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Anaheim police chief decries violence, backs officers

More photos: Protest against Anaheim police shootings

Anaheim's police chief on Tuesday decried the unrest and violence on the streets of the city's downtown, saying his officers had shown "great restraint" amid angry protests.

Scores of demonstrators converged on City Hall to protest a fatal officer-involved shooting Saturday.

Chief John Welter said that officers had rocks and bottles thrown at them. Officers responded with nonlethal rounds.

Photos: Protest against Anaheim police shootings

"I respect the people's right to demonstrate, but I wish that they weren't demonstrating in a violent manner," Welter said.

He added that some in the crowd did not appear to be residents of Anaheim. "This concerns me greatly."

Shortly before 9 p.m. Tuesday, law enforcement officers in Anaheim issued a dispersal order to protesters at the intersection of Anaheim and Broadway.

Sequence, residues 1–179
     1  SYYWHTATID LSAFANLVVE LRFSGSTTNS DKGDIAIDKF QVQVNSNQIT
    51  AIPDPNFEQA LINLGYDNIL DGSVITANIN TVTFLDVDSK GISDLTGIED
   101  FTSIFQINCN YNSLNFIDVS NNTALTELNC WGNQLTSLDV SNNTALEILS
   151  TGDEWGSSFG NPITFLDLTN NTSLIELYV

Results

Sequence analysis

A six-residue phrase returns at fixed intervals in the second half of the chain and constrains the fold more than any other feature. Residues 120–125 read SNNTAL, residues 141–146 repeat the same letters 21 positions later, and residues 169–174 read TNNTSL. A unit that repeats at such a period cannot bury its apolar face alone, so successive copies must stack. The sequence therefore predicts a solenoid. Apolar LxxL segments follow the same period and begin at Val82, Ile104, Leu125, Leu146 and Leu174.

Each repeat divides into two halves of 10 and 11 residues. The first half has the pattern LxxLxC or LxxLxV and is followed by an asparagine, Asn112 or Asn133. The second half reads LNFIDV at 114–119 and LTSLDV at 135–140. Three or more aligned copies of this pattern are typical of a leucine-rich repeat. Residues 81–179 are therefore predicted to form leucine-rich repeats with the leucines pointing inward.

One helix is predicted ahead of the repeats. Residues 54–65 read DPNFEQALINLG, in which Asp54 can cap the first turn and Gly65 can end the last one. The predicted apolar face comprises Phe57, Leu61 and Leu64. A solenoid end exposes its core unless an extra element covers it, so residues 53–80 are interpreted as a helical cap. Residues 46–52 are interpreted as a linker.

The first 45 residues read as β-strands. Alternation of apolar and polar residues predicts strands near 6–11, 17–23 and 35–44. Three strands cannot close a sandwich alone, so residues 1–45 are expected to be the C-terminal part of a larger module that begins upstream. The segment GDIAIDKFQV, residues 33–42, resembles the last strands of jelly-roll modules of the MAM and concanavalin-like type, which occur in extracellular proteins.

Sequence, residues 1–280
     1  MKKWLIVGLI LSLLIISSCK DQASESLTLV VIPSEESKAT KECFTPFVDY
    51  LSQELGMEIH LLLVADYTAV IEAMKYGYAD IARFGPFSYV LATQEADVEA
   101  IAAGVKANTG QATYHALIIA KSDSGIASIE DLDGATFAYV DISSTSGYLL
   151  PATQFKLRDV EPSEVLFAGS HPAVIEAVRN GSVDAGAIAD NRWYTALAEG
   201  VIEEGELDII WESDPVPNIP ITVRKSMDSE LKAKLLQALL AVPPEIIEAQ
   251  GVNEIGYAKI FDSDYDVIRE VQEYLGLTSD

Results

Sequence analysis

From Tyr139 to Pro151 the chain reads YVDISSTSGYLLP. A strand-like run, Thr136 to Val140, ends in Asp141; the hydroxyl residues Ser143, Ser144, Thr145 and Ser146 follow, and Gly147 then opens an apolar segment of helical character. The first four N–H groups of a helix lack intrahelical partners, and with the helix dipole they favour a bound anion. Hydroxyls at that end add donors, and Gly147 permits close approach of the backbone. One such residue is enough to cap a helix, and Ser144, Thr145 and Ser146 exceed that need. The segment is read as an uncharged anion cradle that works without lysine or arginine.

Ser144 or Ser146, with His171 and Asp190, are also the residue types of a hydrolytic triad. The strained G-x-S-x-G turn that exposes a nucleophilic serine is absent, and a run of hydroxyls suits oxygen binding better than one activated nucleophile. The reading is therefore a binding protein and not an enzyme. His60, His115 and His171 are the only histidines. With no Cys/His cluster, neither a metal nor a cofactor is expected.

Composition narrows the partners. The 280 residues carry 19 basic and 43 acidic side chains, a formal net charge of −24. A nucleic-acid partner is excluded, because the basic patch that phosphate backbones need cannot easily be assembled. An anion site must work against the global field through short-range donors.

One officer used a megaphone to declare an unlawful assembly and shouted to demonstrators to leave the area: "You must disperse ... if you do not, you will be arrested."

At least two arrests have been made, authorities said, and an Orange County Register reporter was injured by a thrown rock.

Just after 9 p.m., authorities fired nonlethal projectiles into the crowd, scattering many of the demonstrators.

The crowd quickly moved toward a corner gas station, where people pounded on pumps as others chanted "Si se puede." Some set off firecrackers in the lot as people ran away. At one point a black police truck was struck by an object.

RELATED:

Anaheim chief 'very concerned' about uptick in police shootings

Activists to "lay siege" on Anaheim City Hall after police killings

Latino leaders say Anaheim a 'powder keg' after police shootings

-- Nicole Santa Cruz, Christine Mai-Duc and Ruben Vives in Anaheim

Photo: George Alvarado said he was hit by a police nonlethal round during the protest. Credit: Ruben Vives/L.A. Times

 
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L.A. Now is the Los Angeles Times’ breaking news section for Southern California. It is produced by more than 80 reporters and editors in The Times’ Metro section, reporting from the paper’s downtown Los Angeles headquarters as well as bureaus in Costa Mesa, Long Beach, San Diego, San Francisco, Sacramento, Riverside, Ventura and West Los Angeles.
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